Hope grows as deadly blaze in N. California slows down


Associated Press

REDDING, CALIF.

The deadly Northern California wildfire that has forced tens of thousands of people to flee their homes slowed down Sunday after days of explosive growth, giving officials hope even as they announced the discovery of a sixth fatality.

Meanwhile officials said a second firefighter died fighting a huge blaze to the south near Yosemite National Park. Brian Hughes, 33, was struck by a tree and killed while working as part of a crew removing brush and other fuel near the so-called Ferguson fire’s front lines, national parks officials said.

In Redding, officials stuck a hopeful tone for the first time in days.

“We’re feeling a lot more optimistic today as we’re starting to gain some ground rather than being in a defensive mode on this fire all the time,” said Bret Gouvea, the California Department of Forestry and Fire Protection’s incident commander on the blaze around Redding, a city about 230 miles north of San Francisco.

Gouvea spoke at a news conference with fire and law-enforcement officials. Shasta County Sheriff Tom Bosenko said authorities found a sixth victim of the blaze at a home that was consumed by flames, though he declined to say where. The victim’s identity was not released.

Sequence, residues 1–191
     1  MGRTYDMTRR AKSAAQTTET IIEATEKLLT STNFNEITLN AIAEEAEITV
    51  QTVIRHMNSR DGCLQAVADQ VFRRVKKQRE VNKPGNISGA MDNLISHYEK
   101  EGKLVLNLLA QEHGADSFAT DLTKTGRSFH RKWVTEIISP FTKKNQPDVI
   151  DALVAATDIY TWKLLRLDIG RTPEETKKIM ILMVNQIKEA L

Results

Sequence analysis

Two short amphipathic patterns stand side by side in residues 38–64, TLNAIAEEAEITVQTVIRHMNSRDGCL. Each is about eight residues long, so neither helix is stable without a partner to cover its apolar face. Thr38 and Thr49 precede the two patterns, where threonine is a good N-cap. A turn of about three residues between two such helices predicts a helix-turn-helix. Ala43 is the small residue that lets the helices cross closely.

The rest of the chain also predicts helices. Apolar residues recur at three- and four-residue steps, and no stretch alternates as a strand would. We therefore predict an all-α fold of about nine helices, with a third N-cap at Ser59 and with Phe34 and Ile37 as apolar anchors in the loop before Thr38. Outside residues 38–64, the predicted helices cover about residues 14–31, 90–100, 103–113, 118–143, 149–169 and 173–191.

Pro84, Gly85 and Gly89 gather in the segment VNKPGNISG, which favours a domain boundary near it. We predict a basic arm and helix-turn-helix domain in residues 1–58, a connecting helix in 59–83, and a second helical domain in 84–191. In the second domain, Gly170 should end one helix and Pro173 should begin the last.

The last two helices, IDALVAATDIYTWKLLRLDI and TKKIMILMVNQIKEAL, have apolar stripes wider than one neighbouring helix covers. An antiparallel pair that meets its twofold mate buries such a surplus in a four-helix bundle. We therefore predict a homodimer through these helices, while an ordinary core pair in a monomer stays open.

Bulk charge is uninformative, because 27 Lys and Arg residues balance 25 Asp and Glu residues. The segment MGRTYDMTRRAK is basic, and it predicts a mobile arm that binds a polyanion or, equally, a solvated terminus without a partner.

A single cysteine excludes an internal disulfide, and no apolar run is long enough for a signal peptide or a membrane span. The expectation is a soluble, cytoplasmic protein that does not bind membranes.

The sheriff’s department also is investigating seven missing-persons reports, Bosenko said. Redding police have an additional 11 reports of missing people, though many of them may simply not have checked in with friends or family, said Redding police Sgt. Todd Cogle.

The so-called Carr Fire that affected Redding was ignited by a vehicle problem on Monday about 10 miles west of the city.

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